Thursday, September 6, 2012

The Imposter

Continuing my string of engrossing documentaries, I saw The Imposter at the Landmark Lumiere in August.

The Imposter; directed by Bart Layton; documentary; English & Spanish with subtitles; (2012) - Official Website

Going into the film, I thought it was fiction and it was a few minutes before I realized it was not a fauxumentary.  The story was improbable enough to be fiction but was based on a true story.

Nicholas Barclay, a 13 year old boy from San Antonio, disappeared in 1994.  Three years later, he re-appeared in Spain.  He told incredible tales of being kidnapped and sexually abused by military personnel.  More incredibly, he spoke English with a French accent and had different colored eyes.  He claimed he was not allowed to speak English while in captivity and developed his accent because he was not used to speaking English.  The military personnel tortured him by injecting chemicals into his eye which changed his eye color.  If it seems to outlandish to be true, it is because it was lie.  Frédéric Bourdin, a French Algerian con artist who specialized in impersonating teenagers, hit the jackpot when he ran across the case of Barclay.  Bourdin convinced the Spanish police, the US State Department, the FBI and Barclay's family that he was Nicholas Barclay.

According to the film, a suspicious private investigator unraveled the case.  Language experts opined that an extended period of not speaking one's native language would not result in speaking it with a foreign accent.  DNA tests proved Bourdin was not Barclay and his fingerprints identified him as being wanted by Interpol for a litany of crimes involving fraud and impersonations.  Bourdin's motivation was a mix of self-preservation, mental diseases and sociopathy.  Bourdin's cooperation with the filmmakers was surprisingly candid at times.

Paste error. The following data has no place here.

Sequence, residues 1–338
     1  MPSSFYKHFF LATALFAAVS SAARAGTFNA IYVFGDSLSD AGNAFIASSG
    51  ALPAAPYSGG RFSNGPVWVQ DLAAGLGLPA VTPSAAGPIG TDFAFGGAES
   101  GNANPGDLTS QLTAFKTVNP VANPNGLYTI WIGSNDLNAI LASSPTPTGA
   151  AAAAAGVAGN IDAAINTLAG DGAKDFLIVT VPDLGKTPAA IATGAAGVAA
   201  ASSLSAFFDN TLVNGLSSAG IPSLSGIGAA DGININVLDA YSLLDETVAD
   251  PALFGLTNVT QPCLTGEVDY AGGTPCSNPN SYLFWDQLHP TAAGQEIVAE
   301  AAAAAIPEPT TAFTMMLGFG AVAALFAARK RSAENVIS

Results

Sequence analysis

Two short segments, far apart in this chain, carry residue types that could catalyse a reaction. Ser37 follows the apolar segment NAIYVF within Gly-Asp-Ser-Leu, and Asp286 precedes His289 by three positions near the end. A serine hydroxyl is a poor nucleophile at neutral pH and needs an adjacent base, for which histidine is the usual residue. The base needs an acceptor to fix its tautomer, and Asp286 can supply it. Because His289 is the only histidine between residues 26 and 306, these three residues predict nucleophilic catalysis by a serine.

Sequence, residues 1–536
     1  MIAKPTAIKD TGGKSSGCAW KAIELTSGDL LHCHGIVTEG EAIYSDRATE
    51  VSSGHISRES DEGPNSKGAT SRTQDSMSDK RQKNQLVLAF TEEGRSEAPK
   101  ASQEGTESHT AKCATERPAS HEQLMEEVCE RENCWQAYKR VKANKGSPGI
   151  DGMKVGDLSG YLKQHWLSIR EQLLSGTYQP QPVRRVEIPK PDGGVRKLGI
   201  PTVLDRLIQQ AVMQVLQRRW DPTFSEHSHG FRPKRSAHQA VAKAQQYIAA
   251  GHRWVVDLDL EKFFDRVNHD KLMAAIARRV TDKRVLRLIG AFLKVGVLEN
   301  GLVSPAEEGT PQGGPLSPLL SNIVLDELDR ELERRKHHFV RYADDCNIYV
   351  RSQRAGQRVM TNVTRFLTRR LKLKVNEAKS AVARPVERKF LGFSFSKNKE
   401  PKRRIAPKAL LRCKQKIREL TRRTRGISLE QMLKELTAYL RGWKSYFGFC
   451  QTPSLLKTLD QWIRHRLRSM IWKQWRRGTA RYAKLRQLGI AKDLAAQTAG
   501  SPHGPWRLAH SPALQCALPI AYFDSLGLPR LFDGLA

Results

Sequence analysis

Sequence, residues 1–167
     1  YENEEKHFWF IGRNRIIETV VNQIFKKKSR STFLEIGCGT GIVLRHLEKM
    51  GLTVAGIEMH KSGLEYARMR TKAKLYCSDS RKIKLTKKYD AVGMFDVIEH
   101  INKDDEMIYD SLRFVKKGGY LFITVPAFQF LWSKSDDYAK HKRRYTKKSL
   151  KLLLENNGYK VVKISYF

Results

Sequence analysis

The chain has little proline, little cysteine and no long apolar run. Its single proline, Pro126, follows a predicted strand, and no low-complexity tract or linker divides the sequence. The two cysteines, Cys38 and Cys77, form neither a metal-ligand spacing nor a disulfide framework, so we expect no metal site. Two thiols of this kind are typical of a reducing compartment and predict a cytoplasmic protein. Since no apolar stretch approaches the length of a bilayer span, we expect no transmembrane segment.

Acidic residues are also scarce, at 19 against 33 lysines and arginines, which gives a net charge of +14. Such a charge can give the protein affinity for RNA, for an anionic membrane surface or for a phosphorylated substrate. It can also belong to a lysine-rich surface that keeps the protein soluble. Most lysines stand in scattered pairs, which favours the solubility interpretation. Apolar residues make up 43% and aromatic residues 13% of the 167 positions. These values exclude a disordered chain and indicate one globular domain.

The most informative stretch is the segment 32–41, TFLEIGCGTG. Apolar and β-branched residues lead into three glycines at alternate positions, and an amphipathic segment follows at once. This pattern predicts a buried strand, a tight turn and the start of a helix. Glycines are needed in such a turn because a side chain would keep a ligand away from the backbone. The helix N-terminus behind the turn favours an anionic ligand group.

The most fascinating part of the story is why the family accepted Bourdin as Nicholas Barclay given the evidence of his impersonation.  The film posits that Barclay's step-brother killed him and that his mother and sister were aware of or suspected the crime.  Their acceptance of Bourdin as Nicholas is to cover their crime and/or assuage their guilt.  Although a search for the body is conducted, the film ends without it turning up.

The story is so incredulous that it felt like a thriller.  At many points throughout the film, I thought the twists and turns became too much to believe.  I kept wondering if I was watching a true story or was I being Blair Witched?  The FBI looked amateurish and the Barclays looked like PWT.  Bourdin, a professional liar, minimized his culpability and deflected his guilt with his accusations of Barclay's murder.  The circumstantial evidence supports the murder theory but when dealing with a con man like Bourdin, it pays to be skeptical.

At times, The Imposter veered towards Behind the Music territory. There were a several reenactments which I thought generally detracted from the film.  The film had a tabloid feel which was probably deliberate due to the subject matter.  Not in the mood to quibble, I accepted and enjoyed The Imposter on its terms.

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